The first tomb to be uncovered in the Valley of the Kings in nearly a century was discovered by a team of American archaeologists led by professor Otto Schaden, field director of the Amenmesse Tomb Project of the University of Memphis. The newly discovered tomb was filled with rubble, but also some exciting archaeological finds.
Alongside more than 20 pottery jars, the team found seven coffins that have been a source of food for termites for thousands of years. Now each piece must be brought to the surface in fragments to prevent any further damage.
A miniature coffin was found under some pillows. The coffin is only about 16 inches to 17 inches long and could not have been used for a body bigger than that of a premature child. One theory is that it was a mummiform to be used as a kind of a double for the deceased, to handle any heavy labor the dead person might have had to endure in the afterlife.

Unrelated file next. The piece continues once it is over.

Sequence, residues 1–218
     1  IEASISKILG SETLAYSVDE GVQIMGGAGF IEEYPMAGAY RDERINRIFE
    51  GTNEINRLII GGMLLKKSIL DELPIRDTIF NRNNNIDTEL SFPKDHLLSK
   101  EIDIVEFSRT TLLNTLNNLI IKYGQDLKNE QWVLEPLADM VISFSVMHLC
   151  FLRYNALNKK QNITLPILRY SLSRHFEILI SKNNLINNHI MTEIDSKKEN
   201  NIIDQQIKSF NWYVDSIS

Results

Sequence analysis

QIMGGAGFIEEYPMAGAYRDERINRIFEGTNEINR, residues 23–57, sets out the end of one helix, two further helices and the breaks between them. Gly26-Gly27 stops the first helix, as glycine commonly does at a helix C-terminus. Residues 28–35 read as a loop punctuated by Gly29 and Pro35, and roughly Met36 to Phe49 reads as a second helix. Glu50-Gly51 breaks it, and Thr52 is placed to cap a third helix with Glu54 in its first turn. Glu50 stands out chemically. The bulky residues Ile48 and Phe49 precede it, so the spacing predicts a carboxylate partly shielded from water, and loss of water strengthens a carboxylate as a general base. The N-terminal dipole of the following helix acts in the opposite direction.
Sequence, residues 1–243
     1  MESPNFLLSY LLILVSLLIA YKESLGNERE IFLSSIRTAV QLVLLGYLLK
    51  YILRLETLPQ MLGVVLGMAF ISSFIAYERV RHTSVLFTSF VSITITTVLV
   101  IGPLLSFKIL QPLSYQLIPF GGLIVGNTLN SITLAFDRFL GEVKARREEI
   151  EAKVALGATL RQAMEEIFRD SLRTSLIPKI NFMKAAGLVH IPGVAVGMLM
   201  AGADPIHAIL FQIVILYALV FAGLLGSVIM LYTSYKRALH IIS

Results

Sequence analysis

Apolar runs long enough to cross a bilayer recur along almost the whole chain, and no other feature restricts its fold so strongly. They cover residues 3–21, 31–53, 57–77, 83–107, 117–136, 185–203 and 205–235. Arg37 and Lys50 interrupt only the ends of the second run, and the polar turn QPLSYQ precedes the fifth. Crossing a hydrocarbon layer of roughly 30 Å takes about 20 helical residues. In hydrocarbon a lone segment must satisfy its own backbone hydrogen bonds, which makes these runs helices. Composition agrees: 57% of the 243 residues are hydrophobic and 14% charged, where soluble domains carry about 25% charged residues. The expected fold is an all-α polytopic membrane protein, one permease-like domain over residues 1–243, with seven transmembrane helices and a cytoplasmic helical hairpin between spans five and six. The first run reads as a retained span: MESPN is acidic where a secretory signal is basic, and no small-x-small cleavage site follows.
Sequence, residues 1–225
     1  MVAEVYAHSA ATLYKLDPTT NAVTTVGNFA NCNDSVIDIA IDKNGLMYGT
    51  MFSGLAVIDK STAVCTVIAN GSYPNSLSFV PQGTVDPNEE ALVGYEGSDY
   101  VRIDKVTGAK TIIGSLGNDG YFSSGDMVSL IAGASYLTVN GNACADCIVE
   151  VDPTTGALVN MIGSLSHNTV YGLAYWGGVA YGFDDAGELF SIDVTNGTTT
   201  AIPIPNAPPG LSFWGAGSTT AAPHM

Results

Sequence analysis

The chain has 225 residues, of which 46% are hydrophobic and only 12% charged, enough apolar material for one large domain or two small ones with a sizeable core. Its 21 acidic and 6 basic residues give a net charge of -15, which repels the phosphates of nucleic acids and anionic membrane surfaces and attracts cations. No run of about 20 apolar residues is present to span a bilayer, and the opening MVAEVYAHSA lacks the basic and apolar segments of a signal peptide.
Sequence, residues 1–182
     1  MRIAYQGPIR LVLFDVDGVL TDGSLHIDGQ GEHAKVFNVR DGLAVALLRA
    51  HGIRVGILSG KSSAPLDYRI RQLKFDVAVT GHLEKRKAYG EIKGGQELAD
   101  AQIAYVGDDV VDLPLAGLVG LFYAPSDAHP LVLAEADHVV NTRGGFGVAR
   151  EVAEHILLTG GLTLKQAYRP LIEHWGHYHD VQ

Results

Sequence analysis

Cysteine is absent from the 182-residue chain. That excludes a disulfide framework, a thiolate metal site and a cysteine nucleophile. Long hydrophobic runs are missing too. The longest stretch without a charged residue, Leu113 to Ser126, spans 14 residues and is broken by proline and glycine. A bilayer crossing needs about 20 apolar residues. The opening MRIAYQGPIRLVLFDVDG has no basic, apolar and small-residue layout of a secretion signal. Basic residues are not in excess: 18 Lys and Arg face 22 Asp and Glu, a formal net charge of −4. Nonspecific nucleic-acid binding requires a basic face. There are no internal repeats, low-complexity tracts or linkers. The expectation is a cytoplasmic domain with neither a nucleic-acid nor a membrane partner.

The coffin is decorated with gold leaf on the top and sides. There are theories that in one of the two unopened coffins may rest the body of someone important, such as Queen Nefertiti, King Tut's mother Kia, or his wife.
The discovery of KV 63 means that the Valley of the Kings still has secrets to share. Since British archaeologist Howard Carter unearthed King Tut's tomb in 1922, many thought the Valley was virtually empty of big finds.